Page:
The story of local volunteers banding together to help Mr. John Berry is heartwarming and inspirational.  The World War II veteran was found to be living in substandard conditions.  Upon learning about this, members of the community sprang into action to help the elderly gentleman.  Last I heard was that Habitat For Humanity was going to build Mr. Berry a home.  Excellent.

This story has so many layers, but I want to focus on the fact that Mr. Berry is a veteran, and fellow veterans and non-veterans are helping him out.  Those employing some elbow grease in this matter are showing us how to physically thank veterans, instead of just repeating some tired slogan like 'support our troops.'  We can all say 'we thank you for your service,' like politicians are prone to doing, but a select few in Laredo have gone above and beyond to see that one veteran gets his due.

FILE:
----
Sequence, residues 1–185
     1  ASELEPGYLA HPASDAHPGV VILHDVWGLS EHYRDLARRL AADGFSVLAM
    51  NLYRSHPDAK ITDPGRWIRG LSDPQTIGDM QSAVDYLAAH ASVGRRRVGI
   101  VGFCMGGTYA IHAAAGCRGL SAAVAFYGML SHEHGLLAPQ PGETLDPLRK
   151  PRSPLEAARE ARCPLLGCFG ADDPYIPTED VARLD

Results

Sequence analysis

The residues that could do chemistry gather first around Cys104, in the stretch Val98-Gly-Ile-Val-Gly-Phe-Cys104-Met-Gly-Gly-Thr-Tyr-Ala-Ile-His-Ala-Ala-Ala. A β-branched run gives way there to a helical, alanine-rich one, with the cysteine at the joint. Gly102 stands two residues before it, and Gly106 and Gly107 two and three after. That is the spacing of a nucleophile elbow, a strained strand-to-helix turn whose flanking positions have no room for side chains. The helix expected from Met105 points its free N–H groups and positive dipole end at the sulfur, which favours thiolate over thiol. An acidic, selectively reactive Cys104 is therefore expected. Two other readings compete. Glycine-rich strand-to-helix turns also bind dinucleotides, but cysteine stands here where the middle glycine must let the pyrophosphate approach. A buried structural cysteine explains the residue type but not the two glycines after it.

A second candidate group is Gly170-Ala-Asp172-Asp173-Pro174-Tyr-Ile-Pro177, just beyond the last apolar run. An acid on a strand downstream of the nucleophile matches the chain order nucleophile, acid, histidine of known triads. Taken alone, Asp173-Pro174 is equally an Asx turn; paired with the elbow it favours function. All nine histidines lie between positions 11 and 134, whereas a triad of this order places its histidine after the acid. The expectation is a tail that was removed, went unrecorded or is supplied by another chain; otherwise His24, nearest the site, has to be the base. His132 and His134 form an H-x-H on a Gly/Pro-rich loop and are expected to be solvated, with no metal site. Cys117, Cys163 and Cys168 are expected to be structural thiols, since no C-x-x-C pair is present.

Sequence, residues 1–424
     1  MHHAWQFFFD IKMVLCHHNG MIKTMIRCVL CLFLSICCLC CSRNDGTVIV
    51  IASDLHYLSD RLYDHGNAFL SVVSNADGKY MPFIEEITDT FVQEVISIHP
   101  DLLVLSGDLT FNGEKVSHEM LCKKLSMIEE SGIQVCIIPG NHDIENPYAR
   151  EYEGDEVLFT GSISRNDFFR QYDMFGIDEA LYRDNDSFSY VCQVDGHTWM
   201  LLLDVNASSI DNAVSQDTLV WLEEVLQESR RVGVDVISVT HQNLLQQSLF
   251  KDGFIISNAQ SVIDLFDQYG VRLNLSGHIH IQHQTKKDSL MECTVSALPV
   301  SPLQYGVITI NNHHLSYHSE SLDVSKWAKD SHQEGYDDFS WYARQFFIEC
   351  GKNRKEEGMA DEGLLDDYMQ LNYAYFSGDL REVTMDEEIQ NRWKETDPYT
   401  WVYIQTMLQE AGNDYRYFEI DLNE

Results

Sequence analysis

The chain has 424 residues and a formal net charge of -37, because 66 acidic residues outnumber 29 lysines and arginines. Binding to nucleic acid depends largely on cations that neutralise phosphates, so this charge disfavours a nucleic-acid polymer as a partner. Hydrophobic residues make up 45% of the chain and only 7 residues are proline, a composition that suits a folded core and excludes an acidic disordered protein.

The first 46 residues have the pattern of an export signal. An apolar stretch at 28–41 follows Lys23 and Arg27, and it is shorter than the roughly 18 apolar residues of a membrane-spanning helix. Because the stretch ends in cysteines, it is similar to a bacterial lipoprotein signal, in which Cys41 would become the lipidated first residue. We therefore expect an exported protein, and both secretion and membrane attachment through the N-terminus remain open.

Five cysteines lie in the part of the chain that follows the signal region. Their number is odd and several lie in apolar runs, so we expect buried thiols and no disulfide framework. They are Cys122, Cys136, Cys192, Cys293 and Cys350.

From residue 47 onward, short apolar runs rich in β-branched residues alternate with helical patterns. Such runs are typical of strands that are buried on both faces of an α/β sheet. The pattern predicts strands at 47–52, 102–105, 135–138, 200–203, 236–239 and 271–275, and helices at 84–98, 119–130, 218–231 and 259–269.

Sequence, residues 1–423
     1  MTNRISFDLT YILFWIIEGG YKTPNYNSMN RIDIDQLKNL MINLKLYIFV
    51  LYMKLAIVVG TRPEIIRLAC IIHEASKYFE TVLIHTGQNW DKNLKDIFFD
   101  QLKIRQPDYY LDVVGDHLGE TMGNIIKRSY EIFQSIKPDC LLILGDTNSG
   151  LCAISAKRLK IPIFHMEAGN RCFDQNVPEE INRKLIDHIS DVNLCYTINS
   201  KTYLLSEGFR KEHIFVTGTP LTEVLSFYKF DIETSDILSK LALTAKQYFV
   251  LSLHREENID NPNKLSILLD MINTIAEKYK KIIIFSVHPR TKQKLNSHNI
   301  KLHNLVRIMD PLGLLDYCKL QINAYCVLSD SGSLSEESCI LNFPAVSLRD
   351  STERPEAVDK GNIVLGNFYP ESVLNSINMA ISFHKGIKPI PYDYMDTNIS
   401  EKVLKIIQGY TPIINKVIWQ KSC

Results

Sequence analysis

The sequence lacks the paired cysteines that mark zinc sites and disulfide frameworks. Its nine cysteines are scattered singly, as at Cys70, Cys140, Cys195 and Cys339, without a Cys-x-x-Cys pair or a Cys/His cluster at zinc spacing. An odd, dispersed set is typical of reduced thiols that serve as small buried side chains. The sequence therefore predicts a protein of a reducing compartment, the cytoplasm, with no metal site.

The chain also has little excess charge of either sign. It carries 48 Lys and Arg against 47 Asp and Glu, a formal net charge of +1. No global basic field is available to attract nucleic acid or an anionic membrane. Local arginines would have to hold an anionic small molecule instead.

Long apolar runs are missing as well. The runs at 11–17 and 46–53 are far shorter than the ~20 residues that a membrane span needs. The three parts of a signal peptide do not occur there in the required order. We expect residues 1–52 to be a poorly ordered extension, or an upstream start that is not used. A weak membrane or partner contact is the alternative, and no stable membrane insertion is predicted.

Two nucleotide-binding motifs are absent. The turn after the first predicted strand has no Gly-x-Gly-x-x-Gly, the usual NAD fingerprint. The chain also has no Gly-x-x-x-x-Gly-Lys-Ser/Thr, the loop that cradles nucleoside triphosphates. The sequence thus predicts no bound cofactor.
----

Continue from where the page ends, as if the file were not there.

Yesterday was Memorial Day so (almost) everybody on social media was saluting members of the military, past and present.  Today we have the runoff election for those who competed in the March primary but didn't quite get a majority of the vote.  A handful of people have been encouraging friends and family to get out the vote.  A good thing about the last two days is that the uplifting, religious social media posts have been kept at a minimum.  Instead we've been bombarded with rote expressions: two that I mentioned above, and the ever-present election day saying, 'if you don't vote, you can't complain.'

That last phrase makes me cringe because the majority of those who do vote only go on to complain, but never take any action apart from filling in a ballot bubble to change things for the better.  Or even worse, they vote and then totally disengage from local political happenings.  People who harp about the importance of voting need to have the same enthusiasm carry over until the next election cycle by contacting their local representatives, or actually going to city hall or commissioners court to voices their concerns.